Despite how much we are like Americans there are significant differences between us. Taste preferences is a big one.
Take beer for example. Pretty much every brand of American beer is available here in Canada. Budweiser, Coors, Miller Genuine Draft are a few  of the must popular American beers here in Canada. But are they American beers?
The Beer producers recognize and respond to the fact that Canadians have different tastes and expectations for beer then Americans do. We expect our beers to have a certain taste and alcohol strength than beers produced in the States. Producers have to respond to that difference and the results are the same name but a difference product. American companies will sell the rights to the names of the beers to Canadian companies and allow the Canadian companies to essentially make Canadian beers with American names.
Successful companies working international markets have to recognize these differences and adapt products to these different demographics.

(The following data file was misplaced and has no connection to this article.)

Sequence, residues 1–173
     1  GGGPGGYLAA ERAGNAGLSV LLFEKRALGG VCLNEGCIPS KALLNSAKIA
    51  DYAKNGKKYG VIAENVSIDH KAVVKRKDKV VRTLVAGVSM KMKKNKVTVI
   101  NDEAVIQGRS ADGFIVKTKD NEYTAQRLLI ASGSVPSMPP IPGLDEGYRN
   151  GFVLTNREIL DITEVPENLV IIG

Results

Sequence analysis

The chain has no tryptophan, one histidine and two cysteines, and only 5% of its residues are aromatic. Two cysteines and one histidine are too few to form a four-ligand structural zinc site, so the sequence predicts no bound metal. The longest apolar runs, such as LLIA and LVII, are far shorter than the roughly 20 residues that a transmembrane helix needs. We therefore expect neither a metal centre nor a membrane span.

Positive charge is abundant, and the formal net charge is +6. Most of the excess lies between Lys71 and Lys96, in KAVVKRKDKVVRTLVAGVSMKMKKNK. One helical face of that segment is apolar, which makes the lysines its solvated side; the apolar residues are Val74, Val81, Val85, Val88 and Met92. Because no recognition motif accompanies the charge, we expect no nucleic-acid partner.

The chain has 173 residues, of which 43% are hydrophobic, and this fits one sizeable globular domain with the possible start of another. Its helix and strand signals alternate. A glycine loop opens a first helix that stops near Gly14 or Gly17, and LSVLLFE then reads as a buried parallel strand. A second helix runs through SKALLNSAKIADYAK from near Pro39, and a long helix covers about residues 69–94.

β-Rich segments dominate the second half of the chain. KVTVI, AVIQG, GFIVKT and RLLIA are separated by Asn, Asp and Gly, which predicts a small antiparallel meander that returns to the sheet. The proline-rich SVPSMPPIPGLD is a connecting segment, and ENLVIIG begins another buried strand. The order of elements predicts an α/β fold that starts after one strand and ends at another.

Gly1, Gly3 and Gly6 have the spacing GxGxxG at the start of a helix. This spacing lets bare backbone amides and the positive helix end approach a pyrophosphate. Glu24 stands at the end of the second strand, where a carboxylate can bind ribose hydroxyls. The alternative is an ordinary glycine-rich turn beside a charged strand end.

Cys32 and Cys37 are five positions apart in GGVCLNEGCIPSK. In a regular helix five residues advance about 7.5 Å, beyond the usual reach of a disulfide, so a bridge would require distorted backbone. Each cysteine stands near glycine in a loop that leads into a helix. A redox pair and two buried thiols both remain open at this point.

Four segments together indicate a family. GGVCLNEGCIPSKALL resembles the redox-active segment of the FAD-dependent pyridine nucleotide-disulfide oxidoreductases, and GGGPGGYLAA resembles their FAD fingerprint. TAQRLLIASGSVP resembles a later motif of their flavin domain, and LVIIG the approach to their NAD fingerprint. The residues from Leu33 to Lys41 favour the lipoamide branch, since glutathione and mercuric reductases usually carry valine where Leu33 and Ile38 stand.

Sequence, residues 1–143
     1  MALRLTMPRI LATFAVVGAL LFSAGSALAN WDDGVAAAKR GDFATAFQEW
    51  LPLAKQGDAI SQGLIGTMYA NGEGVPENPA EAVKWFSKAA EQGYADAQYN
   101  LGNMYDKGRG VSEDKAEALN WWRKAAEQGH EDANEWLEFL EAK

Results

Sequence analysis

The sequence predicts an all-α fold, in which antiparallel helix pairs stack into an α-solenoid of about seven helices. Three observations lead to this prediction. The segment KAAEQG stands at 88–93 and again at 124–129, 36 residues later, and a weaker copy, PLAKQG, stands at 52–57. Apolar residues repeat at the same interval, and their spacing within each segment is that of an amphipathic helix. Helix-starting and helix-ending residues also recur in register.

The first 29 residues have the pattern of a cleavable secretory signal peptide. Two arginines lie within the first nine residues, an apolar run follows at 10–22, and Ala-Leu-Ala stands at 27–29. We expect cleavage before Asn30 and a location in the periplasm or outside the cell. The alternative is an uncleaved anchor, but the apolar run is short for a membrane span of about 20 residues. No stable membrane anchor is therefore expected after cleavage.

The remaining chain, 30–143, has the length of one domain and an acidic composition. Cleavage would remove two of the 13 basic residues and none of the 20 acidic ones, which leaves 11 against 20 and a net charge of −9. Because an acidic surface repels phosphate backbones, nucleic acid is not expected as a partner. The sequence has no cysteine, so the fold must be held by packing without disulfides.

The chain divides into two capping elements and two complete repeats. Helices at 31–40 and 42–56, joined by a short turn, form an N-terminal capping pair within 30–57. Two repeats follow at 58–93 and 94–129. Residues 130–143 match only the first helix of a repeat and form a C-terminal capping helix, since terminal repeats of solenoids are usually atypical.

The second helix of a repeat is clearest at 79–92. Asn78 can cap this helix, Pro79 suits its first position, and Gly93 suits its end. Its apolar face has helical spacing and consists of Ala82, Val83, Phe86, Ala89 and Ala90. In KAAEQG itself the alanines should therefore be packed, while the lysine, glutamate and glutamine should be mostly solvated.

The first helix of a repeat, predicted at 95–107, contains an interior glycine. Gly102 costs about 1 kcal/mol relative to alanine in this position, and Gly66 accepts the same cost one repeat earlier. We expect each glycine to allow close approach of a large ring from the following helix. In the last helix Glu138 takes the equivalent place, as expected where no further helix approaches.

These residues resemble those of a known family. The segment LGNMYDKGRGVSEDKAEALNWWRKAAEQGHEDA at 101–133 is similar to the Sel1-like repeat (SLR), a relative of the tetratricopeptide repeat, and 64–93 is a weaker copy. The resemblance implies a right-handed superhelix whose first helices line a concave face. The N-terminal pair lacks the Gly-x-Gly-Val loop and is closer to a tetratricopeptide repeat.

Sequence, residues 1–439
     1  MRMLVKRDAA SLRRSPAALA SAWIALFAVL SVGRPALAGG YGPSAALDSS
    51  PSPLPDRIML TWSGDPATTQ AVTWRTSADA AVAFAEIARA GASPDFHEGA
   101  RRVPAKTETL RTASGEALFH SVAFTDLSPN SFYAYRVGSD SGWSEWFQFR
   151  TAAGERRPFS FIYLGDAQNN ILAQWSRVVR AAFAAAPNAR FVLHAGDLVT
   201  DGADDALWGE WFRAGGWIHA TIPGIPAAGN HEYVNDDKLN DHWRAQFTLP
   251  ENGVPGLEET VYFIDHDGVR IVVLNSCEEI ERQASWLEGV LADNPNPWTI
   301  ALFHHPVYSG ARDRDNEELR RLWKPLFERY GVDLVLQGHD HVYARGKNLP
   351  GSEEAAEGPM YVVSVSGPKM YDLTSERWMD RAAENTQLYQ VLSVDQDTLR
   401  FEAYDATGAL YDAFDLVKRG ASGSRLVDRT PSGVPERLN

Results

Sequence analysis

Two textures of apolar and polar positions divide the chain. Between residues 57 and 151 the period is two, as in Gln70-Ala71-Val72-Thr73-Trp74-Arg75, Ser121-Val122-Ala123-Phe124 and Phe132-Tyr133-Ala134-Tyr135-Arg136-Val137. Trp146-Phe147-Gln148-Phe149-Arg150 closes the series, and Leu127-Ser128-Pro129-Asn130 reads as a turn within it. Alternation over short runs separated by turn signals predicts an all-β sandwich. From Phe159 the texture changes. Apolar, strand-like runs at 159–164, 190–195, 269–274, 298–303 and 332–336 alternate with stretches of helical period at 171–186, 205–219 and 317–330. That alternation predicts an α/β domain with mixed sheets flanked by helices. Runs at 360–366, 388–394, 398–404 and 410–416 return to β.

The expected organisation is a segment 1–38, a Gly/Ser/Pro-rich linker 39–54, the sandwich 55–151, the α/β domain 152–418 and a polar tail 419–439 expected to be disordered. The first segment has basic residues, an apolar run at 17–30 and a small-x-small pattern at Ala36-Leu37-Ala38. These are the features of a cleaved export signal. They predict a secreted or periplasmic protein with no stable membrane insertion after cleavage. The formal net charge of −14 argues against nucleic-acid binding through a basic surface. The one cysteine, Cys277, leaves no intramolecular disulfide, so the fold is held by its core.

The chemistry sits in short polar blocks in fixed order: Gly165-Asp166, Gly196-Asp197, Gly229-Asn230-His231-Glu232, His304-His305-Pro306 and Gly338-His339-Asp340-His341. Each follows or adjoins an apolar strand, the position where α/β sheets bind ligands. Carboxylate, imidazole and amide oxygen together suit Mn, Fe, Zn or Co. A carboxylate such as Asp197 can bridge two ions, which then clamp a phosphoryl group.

Beer is just one example (and one of my favorites). But if we look at the Canadian and American markets we can find numerous examples of how companies will change the product to suit the market. Potato chips, soda pop, cookies, one that really surprised me, Kraft dinner (yes American Kraft Dinner uses a very different cheese powder in the States that has a very different taste).
Next time you consider heading south, try some common products we have here in Canada. You might have noticed before that they tasted a little different, now you can realize why.

Sun, Mar. 16th, 2008, 04:11 pm
The Better Life in Alberta

Gross Income, oh that is always great. Simple numbers, take what you earn hourly, time by the hours you work and whoot, that's some pretty good money.
But there are taxes, and deductions and union dues and pension and EI. Ouch. But But now you still have a fair amount. That my friends is often mentioned disposable income.